Adverse weather in certain growing regions during the early months of 2019 caused issues in produce departments, retailers noted in recent remarks on the first quarter.
Sprouts, in its earnings call May 2, noted that heavy rains in California led to availability challenges with a number of fresh produce items.
“We saw some pretty significant what I’d call hyperinflation in a number of products in the produce
categories that really restricted our ability to get our quantities at reasonable cost,” Bradley Lukow, interim co-CEO, chief financial officer and treasurer of Sprouts, said on the call. “And that also reduced our ability to promote, and therefore we had a little bit lower sales that we would’ve expected in produce as a result.
“As well, into the early parts of Q2, we’ve seen some continued weather from a rains perspective in California and some cold weather out of Mexico, which has had some negative impact on availability in a number of produce items,” Lukow said.
Jeff Cady, director of produce for Tops Friendly Markets, participated May 7 in a webinar on the latest FreshFacts on Retail report from the United Fresh Produce Association and discussed availability issues in the first quarter.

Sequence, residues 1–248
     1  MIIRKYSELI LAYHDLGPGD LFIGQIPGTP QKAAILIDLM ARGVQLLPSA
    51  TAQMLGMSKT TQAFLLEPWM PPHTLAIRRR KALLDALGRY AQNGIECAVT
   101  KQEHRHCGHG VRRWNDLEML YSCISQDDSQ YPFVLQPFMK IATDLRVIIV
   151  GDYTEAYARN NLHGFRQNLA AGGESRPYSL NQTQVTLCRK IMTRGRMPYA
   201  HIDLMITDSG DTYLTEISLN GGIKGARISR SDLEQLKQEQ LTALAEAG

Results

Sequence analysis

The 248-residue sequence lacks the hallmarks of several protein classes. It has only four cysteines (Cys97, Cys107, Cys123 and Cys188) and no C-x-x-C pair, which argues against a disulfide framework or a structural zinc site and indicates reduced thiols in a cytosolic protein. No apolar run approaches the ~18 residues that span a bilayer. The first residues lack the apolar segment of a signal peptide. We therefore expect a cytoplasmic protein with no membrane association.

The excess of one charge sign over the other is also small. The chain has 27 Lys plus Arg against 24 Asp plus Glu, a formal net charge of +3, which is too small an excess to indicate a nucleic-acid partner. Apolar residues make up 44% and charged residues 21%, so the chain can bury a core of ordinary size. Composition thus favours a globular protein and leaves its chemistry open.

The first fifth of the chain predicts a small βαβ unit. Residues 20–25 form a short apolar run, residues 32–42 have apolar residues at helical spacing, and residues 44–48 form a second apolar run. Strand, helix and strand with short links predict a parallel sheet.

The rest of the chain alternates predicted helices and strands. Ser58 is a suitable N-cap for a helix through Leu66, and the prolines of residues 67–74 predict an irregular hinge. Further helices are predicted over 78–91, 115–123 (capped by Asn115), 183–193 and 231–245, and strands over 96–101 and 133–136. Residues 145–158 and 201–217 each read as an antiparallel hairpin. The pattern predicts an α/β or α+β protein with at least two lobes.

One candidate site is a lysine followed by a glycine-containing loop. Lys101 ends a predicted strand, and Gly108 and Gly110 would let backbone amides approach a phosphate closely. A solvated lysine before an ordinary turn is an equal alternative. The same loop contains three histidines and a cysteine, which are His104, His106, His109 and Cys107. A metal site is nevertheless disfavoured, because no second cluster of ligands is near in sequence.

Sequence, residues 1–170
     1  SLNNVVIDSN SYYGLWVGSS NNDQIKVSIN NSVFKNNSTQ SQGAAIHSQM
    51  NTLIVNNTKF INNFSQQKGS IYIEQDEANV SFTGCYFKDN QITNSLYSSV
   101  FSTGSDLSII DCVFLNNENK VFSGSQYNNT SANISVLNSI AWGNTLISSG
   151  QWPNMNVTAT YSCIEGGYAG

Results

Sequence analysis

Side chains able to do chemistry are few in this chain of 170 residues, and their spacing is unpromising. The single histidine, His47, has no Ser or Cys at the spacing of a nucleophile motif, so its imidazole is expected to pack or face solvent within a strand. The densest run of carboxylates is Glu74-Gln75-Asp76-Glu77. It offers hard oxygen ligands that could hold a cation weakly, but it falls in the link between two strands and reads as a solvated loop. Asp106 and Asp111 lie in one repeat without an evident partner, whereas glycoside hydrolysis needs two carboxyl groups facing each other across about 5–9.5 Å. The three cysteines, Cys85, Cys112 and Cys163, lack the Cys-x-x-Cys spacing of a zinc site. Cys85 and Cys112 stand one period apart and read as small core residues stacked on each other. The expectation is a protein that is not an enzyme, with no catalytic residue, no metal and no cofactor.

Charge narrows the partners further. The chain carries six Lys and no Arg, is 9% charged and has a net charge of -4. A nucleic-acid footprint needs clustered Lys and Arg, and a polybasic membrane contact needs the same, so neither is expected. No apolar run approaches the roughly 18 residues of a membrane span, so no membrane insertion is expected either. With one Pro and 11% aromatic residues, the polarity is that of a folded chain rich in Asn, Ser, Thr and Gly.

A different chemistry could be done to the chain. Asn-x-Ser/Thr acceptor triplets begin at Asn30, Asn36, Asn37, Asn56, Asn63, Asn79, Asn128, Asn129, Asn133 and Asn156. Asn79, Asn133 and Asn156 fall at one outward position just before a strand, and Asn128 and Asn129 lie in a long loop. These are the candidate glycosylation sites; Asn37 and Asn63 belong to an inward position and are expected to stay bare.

“It was a challenging Q1,” Cady said. “I think most of us were probably thinking it wasn’t going to be because last year we had the transportation issue hit us and this year we thought, oh wow, maybe it was going to be decent, but it just didn’t come to fruition.”
Lukow said on the Sprouts call that the winter months are typically where availability issues occur.
“The shoulder seasons, if you will, from sort of November through February are the most challenging to be able to predict because that time of the year a much more significant component of produce items are being sourced from offshore, outside of the U.S., and you can have a number of challenges, including tie-ups at borders,” Lukow said. “So it’s more a difficult period of time to try and predict ... But as we think through the summer months here, as I pointed out, looking like a better growing season certainly on the fruit side of the business in produce.”
Matt Lally, associate director of Nielsen Fresh, who provided analysis of first-quarter data on United’s FreshFacts on Retail webinar, noted that certain items, like strawberries and cauliflower, saw growth in frozen during the first few months of the year.
Cady wasn’t surprised given the difficulty keeping fresh options available.
“We were chasing strawberries for the first part of the quarter for sure, and to see frozen up, to me, yeah, I could have called that because we were struggling to stay in stock and the inability to promote because of the poor weather conditions in the growing was definitely an issue,” Cady said.
“If you don’t have it fresh, they go to frozen,” Cady said.